In his article, Fernandes (2020) characterised the main problems posed by the current global situation. They are:
  • The pandemic is global;
  • The world is much more globalised;
  • Interest rates are historically low;
  • It is not focused on low–middle income countries;
  • Demand and supply are simultaneously devastated;
  • It is generating spill-over effects throughout supply chains.
The aim of the study is to compare the intensity of decline and then increase in the value of basic stock indices during the SARS-CoV-2 coronavirus pandemic in 2020. The conducted research is a continuation of our previous analysis connected only with the decline in values of world stock indices. Our research presents the results of assessment of probability and intensity of increase in the values of stock indices after their previous decline. Moreover, obtained values are compared with previous results. We set the following research hypothesis:
Hypothesis 1.
The risk and intensity of the decline and then increase in stock indices varied on a continental level.
We verify the hypothesis by means of the survival analysis methods: Kaplan–Meier estimator, empirical hazard estimator, Cox proportional hazards model, and the logit model.

2. Selected Economic Aspects of the COVID-19 Pandemic

The outbreak of the pandemic results in significant adverse economic effects. Many countries have adopted a strict quarantine policy, which has significantly reduced the economic activity and caused mass unemployment. A particularly difficult situation is in sectors such as tourism and aviation. The exact global economic effect of the pandemic is not yet known, but the financial markets reacted with great strength. In ten days in March 2020, the US market hit the circuit breaker mechanism four times. It is worth noting that it was introduced in 1987 and since then it had been triggered just once, in 1997 (Zhang et al. 2020). The financial markets in Europe and Asia also plunged. On 12 March, the main stock index in the United Kingdom, FTSE, declined by over 10%. It was the worst day since 1987 (https://www.bbc.com/news/business-51829852 (accessed on 15 February 2021)). In March 2020, the Japanese stock market collapsed. The decline from the highest value in December 2019 was over 20% (https://www.bloomberg.com/news/articles/2020-03-09/perfect-storm-is-plunging-asia-stocks-to-bear-markets-one-by-one (accessed on 15 February 2021)). The central banks and authorities’ responses were immediate. These institutions introduced their policy instruments into the market. Most stock markets have recently begun to recover. However, with the progression of the pandemic, high uncertainty still persists (Ashraf 2020a).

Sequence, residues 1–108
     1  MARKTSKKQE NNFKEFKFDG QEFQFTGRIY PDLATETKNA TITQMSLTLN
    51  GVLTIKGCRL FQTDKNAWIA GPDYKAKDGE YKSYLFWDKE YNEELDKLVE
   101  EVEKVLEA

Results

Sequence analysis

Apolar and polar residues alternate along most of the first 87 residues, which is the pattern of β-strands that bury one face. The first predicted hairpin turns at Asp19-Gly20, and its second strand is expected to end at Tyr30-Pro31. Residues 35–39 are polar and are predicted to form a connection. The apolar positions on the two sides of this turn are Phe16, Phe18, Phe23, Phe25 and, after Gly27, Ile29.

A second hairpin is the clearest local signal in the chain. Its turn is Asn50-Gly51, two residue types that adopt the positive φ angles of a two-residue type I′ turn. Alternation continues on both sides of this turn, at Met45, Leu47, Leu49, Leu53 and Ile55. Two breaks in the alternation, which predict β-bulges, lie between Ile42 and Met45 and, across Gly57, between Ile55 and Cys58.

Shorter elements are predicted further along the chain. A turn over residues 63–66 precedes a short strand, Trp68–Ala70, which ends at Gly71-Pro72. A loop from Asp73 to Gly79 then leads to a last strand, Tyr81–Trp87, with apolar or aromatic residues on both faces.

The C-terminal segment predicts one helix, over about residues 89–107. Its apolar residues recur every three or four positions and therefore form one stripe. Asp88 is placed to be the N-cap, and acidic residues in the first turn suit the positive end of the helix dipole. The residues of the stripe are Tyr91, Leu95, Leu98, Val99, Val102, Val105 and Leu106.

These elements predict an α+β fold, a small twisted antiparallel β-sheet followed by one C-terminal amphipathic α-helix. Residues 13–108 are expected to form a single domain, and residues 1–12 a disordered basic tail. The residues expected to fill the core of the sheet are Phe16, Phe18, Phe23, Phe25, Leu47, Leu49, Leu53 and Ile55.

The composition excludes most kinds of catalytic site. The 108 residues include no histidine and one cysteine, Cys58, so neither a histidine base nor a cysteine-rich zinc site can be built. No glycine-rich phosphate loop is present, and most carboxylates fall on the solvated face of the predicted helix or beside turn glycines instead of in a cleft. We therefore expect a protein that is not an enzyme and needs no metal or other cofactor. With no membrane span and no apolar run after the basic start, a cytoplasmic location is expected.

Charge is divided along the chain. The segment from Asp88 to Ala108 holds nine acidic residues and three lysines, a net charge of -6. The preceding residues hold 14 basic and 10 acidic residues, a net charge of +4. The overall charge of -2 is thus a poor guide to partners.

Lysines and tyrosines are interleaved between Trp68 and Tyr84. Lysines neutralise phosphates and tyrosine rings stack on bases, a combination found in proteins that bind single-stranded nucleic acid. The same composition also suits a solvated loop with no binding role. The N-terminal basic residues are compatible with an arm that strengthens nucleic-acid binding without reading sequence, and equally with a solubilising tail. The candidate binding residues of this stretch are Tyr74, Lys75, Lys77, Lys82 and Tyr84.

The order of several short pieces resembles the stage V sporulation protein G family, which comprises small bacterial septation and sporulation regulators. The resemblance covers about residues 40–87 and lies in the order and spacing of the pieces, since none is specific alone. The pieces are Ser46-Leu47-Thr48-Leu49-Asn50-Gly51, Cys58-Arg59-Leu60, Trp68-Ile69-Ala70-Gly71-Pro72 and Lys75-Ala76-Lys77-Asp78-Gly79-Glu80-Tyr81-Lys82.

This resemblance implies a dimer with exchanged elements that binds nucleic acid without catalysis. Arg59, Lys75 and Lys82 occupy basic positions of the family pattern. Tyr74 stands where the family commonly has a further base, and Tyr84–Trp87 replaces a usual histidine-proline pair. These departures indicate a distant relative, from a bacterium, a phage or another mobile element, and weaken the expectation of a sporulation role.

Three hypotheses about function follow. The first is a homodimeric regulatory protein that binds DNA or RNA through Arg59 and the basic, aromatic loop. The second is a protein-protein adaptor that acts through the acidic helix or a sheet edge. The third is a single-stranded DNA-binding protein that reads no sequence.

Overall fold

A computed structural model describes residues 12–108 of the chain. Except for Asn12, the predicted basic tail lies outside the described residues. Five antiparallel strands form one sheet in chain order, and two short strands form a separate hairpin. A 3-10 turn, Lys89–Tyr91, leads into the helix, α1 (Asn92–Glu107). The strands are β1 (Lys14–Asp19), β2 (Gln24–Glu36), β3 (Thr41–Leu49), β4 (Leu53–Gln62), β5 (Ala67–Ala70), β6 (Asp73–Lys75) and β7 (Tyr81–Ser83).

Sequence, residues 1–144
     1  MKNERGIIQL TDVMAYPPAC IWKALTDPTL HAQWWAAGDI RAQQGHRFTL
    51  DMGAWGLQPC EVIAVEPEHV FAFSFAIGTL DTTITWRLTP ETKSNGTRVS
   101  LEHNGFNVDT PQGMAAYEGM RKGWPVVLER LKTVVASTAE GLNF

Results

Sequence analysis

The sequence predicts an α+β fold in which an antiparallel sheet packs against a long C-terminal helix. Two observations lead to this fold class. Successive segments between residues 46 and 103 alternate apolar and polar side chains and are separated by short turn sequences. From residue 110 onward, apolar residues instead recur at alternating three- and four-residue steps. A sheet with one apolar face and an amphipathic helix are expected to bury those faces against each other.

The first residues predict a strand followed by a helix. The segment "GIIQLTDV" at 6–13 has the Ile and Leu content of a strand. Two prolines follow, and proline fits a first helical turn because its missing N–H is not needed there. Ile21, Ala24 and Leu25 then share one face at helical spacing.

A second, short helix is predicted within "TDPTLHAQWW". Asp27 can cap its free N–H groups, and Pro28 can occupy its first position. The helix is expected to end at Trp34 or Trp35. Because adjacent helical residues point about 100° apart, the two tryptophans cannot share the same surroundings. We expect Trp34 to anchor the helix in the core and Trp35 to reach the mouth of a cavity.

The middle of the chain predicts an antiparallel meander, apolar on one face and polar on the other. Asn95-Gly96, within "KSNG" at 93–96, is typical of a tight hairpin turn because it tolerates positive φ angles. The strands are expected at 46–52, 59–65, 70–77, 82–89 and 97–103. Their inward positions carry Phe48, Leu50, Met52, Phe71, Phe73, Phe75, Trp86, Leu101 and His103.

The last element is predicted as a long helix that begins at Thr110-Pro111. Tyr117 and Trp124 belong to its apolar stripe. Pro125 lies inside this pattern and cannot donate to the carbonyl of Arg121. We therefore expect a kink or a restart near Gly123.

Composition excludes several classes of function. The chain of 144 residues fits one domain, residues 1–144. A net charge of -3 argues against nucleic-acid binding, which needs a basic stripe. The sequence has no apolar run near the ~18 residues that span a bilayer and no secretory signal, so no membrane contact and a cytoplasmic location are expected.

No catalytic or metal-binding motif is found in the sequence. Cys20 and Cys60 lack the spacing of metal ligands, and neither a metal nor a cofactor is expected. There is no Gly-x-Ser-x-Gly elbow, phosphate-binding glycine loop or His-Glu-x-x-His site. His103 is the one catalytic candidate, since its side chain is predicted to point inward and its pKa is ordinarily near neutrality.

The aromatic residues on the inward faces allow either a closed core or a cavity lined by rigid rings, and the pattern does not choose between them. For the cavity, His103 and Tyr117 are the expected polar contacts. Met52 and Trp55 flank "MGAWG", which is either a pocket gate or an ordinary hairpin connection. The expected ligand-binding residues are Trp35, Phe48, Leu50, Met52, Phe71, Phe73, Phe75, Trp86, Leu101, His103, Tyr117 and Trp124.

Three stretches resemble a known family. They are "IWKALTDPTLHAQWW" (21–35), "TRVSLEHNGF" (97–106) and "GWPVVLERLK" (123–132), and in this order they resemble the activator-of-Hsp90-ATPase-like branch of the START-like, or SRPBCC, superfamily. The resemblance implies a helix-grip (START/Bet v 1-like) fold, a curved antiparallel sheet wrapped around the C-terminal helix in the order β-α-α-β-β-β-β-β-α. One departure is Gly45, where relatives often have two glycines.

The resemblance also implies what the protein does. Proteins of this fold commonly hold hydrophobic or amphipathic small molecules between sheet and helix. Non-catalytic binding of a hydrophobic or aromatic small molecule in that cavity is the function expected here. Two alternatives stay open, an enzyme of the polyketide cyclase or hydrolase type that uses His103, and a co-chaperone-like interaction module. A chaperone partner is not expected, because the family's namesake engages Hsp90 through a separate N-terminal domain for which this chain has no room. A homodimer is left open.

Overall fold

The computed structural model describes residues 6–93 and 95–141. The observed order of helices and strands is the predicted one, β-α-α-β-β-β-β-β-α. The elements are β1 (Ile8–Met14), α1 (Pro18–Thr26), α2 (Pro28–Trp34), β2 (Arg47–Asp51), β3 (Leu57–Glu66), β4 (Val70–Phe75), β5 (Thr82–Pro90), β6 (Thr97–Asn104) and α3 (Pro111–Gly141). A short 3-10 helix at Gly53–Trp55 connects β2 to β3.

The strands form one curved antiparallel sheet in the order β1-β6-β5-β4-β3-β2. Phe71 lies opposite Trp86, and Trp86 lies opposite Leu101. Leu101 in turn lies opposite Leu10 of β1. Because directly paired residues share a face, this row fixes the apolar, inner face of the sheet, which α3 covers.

The pandemic influenced the global economy in many areas. However, the first symptoms of economic turbulence of any kind are usually noticeable first in financial markets. They manifest in changes of prices of commodities, such as fuels, metals, or agricultural products, and changes in values of stock indices. Figure 3 presents the changes of prices of selected fuels—crude oil and natural gas in the period 2 December 2019–26 November 2020.
At the beginning of the pandemic, the crude oil price was on its maximal level in the analysed period—almost 70 USD/barrel. When the pandemic became visible to the public, the crude oil price plunged from the level of almost 60 USD/barrel to below 20 USD/barrel. Then it began to regain its value, and after mid-July, it stabilised at the level between 40 and 50 USD/barrel. The course of the natural gas price was very much different. Since the beginning of the pandemic, it was slowly decreasing from the level of almost 2.5 USD per MMBtu to 1.5 USD/MMBtu on 2 April. Since that day, until the second half of July, it was stable at the level of 1.5–1.8. Then, the price of natural gas was increasing until the end of the observation period (26 November).
Prices of selected agricultural products (wheat, palm oil, and corn) had a different course. It seems that the declaration of the pandemic did not affect their trends. Prices of all three analysed commodities noted more or less constant decline since January 2020 until May 2020 (wheat and palm oil) or June (corn). Then they began to increase, and their increase was more or less constant (although with fluctuations) until the end of the observation period (Figure 4).